Title: A Visit From the Goon Squad
Author: Jennifer Egan
ISBN 13: 9780307477477
Publisher’s Blurb: Bennie is an aging former punk rocker and record executive. Sasha is the passionate, troubled young woman he employs. Here Jennifer Egan brilliantly reveals their pasts, along with the inner lives of a host of other characters whose paths intersect with theirs. With music pulsing on every page, A Visit from the Goon Squad is a startling, exhilarating novel of self-destruction and redemption.
Jennifer Egan’s A Visit From the Goon Squad is like no other book I’ve ever read. A work of sheer brilliance, difficult to describe. Thirteen stories loosely bound together by a group of characters with a connection to record producer Bennie Salazar. Told from different perspectives, different times, and non-linearly. If someone had tried to explain it to me, I probably would have said, “sounds interesting but I have other things to read.” But when mentor M. Todd Gallowglas said it was his favorite book, and we were going to spend November working with it, I dug right in. Although I was skeptical about the all month part.
The first time through, I was so enthralled I read it all in one sitting. The second time took almost two weeks and required a spreadsheet and a text document for over 30 pages of notes. Before the end of November, there may be a third reading because I still have a list of topics I want to explore.
A Visit From the Goon Squad is multi-layered and rich. No real true main character, no real true plot, each story stands alone. Goon Squad is the literal meaning of “the whole is greater than the sum of its parts.”
The big theme is Time. It’s really a character in itself and overshadows every part of this book. “Time’s a goon, right? You gonna let that goon push you around?” (p. 332) Bennie says this to an old punk rocker as he’s being cajoled to go on stage. Time’s a goon, it beats up on all of us. No matter how hard we try to push back, time always wins. The stories in A Visit from the Goon Squad take us through the journey of how time has beaten up on all the characters, none of them come out of the fight well. It’s a reminder that none of us ever will.
Telling the stories out of chronological order makes for a much richer experience. There are little moments of “aha!” as the pieces drop into place. Clues in one story relate directly to another providing a deeper insight to a character or an incident. I agree with Egan’s assessment that ordering the stories in chronological order would have fallen flat and not had the emotional punch the non-chronological order does.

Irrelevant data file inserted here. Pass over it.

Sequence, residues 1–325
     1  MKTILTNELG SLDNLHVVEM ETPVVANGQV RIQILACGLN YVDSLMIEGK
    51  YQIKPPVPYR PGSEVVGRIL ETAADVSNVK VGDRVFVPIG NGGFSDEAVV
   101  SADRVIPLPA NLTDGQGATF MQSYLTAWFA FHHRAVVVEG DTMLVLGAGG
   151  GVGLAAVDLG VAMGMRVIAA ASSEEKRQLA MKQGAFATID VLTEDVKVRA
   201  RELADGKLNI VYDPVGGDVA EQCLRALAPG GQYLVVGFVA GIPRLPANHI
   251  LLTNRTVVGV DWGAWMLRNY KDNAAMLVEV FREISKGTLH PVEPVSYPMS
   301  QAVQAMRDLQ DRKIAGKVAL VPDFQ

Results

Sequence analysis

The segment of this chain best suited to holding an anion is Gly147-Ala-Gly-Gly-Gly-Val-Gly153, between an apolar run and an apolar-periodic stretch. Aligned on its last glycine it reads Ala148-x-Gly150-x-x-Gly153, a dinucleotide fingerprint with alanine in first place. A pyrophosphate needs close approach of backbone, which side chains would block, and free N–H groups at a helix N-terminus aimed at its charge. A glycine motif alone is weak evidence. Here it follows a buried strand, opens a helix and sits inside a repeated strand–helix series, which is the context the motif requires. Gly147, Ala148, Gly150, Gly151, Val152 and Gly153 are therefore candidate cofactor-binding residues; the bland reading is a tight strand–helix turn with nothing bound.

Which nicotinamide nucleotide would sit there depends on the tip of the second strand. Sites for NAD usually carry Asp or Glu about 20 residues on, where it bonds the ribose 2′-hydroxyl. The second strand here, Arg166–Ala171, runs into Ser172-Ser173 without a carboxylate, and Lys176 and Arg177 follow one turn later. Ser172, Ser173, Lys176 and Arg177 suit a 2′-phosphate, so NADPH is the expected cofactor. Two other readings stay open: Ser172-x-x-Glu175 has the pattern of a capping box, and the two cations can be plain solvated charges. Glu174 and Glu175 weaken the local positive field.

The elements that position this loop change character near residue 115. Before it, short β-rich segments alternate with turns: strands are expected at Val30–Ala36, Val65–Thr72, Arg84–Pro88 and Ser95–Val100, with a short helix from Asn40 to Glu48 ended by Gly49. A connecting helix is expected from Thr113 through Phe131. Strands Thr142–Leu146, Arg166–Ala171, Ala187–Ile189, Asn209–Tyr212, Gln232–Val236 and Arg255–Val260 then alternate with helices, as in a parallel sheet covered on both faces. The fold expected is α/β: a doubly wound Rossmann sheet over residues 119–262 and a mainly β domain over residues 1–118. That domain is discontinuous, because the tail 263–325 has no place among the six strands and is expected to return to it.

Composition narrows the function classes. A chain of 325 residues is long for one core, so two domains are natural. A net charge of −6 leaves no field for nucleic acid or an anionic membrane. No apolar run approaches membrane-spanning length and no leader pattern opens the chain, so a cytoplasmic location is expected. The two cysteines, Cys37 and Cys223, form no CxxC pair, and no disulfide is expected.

Music, and the music business is another major theme. Bennie’s life revolves around punk music, so too the other characters in A Visit From the Goon Squad, in some way. We meet Sasha, Bennie’s assistant for twelve years, in the first story “Found Objects,” while on a date with Alex, who figures prominently in the last story, “Pure Language.”
Scotty Haussmann was a high school mate of Bennie’s in a punk band named the Flaming Dildos. A name so naturally perfect for punk bands in the late 70s, and still deliciously subversive now. A warning, don’t look it up on the internet, it will render scars.
Scotty appears in a total of three stories, and so it goes. Each character teasingly drawn out across time and geography, their back stories filled in as we are shuttled through the drama. But not all details are revealed, just enough to help us fill in the gaps and make us wonder.
The PowerPoint presentation called “Great Rock and Roll Pauses,” written by Sasha’s twelve-year-old daughter, Alison, gives insight to Sasha and her life in the desert with her husband, and her family, years after Bennie and New York City
Each character is problematic, and broken in search of redemption with a nostalgic look back to the “better” days. Hardest for me were Lou Kline, Bennie’s mentor in the record business, and Bennie’s brother-in-law, Jules Jones.
Stereotypically, Lou’s position in the music business places him in the realm of sex, drugs, and rock and roll. He preys on younger women. High school aged Jocelyn’s story is told through Rhea’s voice, both friends of Bennie. In “As if I Care,” Rhea relates details which take the story from stereotype to a more full understanding of society’s (with Lou as proxy) view of young women. These details lead to Jocelyn’s destruction and attempt to push back at the goon. Her story is important and deserves the recognition that while Jocelyn’s story is not unusual, there’s nothing normal about it. Nor should it ever be thought normal.
Jules Jones’ story is told in “40-Minute Lunch.” His desire to be young again, to have what starlet Kitty Jackson has at age nineteen leads to sexual assault. Which sends Kitty on her own destructive route and her chance at redemption in “Selling the General.” After a few years in prison, Jules finds his own redemption in “A to B.”
The connective tissue of character and story are what makes A Visit From the Goon Squad so fascinating. Egan is one of the most talented writers I’ve read, and has said in interviews that she likes to try something different with each new work. (See her story in the New Yorker titled “Black Box,” as an example.)
Goon Squad taught me a new way of reading and critical writing, making it a pivotal book in my own work. Reading it is more than a worthwhile adventure, it’s a shining example of what good storytelling can be.